- Use guided instruction.
- Teach and practice organization and study skills in every subject area.
- Lecture less.
- Design lessons so that students have to actively respond - get up, move around, go to the board, move in their seats.
- Design highly motivating and enriching curriculum with ample opportunity for hands-on activities and movement.
- Eliminate repetition from tasks or use more novel ways to practice.
- Design tasks of low to moderate frustration levels.
- Use computers in instruction.
- Challenge but don't overwhelm.
- Change evaluation methods to suit the child's learning styles and strengths.
Provide Supports to Promote On-Task Behavior
- Pair the student with a study buddy or learning partner who is an exemplary student.
- Provide frequent feedback.
- Structure tasks.
- Monitor independent work.
- Schedule difficult subjects at the student's most productive time.
- Use mentoring and peer tutoring.
- Provide frequent and regularly scheduled breaks.
- Set timers for specific tasks.
- Call attention to schedule changes.
- Maintain frequent communication between home and school.
- Do daily/weekly progress reports.
- Teach conflict resolution and peer mediation skills.
Provide Supports to Promote Executive Function
To support planning:
- Teach the student to use assignment pads, day planners or time schedules, task organizers and outlines
- Teach study skills and practice them frequently and in all subjects
To increase organization:
- Allow time during school day for locker and backpack organization
- Allow time for student to organize materials and assignments for homework
- Have the student create a master notebook-a 3-ring binder where the student organizes (rather than stuffs) papers
- Limit number of folders used; have the student use hole-punched paper and clearly label all binders on spines; monitor notebooks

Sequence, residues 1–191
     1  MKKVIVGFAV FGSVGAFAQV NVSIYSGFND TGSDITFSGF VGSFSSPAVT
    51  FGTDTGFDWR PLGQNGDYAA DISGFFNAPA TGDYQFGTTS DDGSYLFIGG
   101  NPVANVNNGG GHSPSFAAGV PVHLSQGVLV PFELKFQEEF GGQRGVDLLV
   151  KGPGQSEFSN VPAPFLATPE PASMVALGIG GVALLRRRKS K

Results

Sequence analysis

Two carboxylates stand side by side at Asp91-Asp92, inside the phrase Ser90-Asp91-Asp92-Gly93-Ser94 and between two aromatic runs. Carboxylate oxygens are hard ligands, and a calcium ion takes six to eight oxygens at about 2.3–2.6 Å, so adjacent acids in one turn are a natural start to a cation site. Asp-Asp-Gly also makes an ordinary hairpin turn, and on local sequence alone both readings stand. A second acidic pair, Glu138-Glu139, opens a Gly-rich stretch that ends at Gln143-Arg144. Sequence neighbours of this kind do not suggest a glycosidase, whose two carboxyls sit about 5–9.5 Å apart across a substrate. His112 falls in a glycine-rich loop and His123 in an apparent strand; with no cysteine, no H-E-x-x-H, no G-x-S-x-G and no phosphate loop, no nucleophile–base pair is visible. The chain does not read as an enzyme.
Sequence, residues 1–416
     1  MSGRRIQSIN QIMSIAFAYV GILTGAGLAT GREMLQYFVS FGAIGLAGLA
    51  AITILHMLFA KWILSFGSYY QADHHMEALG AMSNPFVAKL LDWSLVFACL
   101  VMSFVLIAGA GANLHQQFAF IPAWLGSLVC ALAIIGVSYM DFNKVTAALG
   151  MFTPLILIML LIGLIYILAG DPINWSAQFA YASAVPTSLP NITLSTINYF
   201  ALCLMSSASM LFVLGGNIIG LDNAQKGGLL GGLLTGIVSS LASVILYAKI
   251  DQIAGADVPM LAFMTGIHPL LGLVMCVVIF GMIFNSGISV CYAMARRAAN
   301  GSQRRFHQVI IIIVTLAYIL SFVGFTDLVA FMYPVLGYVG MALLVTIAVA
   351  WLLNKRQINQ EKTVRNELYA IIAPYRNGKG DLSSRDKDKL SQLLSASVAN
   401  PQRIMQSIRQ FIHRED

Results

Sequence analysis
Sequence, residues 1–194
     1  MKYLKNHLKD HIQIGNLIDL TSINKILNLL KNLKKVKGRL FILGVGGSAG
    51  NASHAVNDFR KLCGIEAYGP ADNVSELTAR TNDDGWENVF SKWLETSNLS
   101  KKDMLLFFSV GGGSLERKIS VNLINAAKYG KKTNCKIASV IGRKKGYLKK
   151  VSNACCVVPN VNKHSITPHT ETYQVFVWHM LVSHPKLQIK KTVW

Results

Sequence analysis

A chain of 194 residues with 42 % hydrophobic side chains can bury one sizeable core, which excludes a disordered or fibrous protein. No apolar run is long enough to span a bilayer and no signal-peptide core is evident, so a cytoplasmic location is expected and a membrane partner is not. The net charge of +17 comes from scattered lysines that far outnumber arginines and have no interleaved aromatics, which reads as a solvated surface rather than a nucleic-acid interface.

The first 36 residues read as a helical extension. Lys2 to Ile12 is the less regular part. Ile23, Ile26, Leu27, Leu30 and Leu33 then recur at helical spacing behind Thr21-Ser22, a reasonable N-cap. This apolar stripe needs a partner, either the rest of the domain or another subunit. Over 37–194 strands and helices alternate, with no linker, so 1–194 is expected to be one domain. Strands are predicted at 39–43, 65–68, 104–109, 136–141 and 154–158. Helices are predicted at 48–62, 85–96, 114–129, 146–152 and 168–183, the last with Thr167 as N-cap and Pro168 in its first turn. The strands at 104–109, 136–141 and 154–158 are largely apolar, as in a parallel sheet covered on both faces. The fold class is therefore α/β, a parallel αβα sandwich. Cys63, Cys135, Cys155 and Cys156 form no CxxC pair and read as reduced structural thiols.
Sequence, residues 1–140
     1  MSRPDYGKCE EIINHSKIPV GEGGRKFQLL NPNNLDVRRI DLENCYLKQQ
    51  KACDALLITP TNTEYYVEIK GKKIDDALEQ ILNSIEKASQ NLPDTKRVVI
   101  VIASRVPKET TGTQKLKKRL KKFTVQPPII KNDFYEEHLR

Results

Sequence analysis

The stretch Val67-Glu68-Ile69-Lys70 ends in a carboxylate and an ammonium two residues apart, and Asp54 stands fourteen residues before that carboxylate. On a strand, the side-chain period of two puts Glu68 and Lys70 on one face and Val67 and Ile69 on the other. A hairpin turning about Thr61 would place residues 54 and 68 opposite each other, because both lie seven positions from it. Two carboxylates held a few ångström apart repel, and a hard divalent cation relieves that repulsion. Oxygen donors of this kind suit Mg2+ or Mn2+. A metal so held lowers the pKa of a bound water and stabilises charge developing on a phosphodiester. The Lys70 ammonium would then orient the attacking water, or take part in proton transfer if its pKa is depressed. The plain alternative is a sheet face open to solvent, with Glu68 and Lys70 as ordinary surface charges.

- Have daily and weekly organization and clean up routines
- Provide frequent checks of work and systems for organization
To improve follow through:
- Create work completion routines
- Provide opportunities for self-correction
- Accept late work
- Give partial credit for work partially completed
To improve self-control:
- Prepare the student for transitions
- Display rules
- Give behavior prompts
- Have clear consequences
- Provide the student with time to de-stress
- Allow doodling or other appropriate, mindless motor movement
- Use activity as a reward
- Provide more supervision
To assist with working memory:
- Focus on one concept at a time
- List all steps
- Write all work down
- Use reading guides and plot summaries
- Teach note-taking skills-let the student use a study buddy or teacher-prepared notes to fill in gaps
- List all key points on board
- Provide summaries, study guides, outlines, and lists
- Let the student use the computer
To assist with memory retrieval:
- Teach the student memory strategies (grouping, chunking, mnemonic devices)
- Practice sorting main ideas and details
- Teach information and organization skills
- Make necessary test accommodations (allow open book tests; use word banks; use other memory cues; test in preferred modality-e.g., orally, fill in blank; give frequent quizzes instead of lengthy tests)
Attention Getters and Keepers
For problems beginning tasks:
- Repeat directions
- Increase task structure
- Highlight or color code directions and other important parts
- Teach the student keyword underlining skills
- Summarize key information
- Give visual cues
- Have the class start together
For problems sticking with and finishing tasks:
- Add interest and activity to tasks
- Divide larger tasks into easily completed segments
- Shorten overall tasks
- Allow the student choice in tasks
- Limit lecture time
- Call on the student often
Tips for Teachers:Autism/Pervasive Developmental Disorder (PDD)
- Learn more about autism/PDD. Check out the research on effective instructional interventions and behavior on NICHCY’s web site.
- Make sure directions are given step-by-step, verbally, visually, and by providing physical supports or prompts, as needed by the student. Students with autism spectrum disorders often have trouble interpreting facial expressions, body language, and tone of voice. Be as concrete and explicit as possible in your instructions and feedback to the student.
- Find out what the student’s strengths and interests are and emphasize them. Tap into those avenues and create opportunities for success. Give positive feedback and lots of opportunities for practice.
- Build opportunities for the student to have social/collaborative interactions throughout the regular school day. Provide support, structure, and lots of feedback.
- If behavior is a significant issue for the student, seek help from expert professional resources (including parents) to understand the meanings of the behaviors and to develop a unified, positive approach to resolving them.
- Have consistent routines and schedules. When you know a change in routine will occur (e.g., a field trip or assembly) prepare the student by telling him or her what is going to be different and what to expect or do. Reward students for each small success.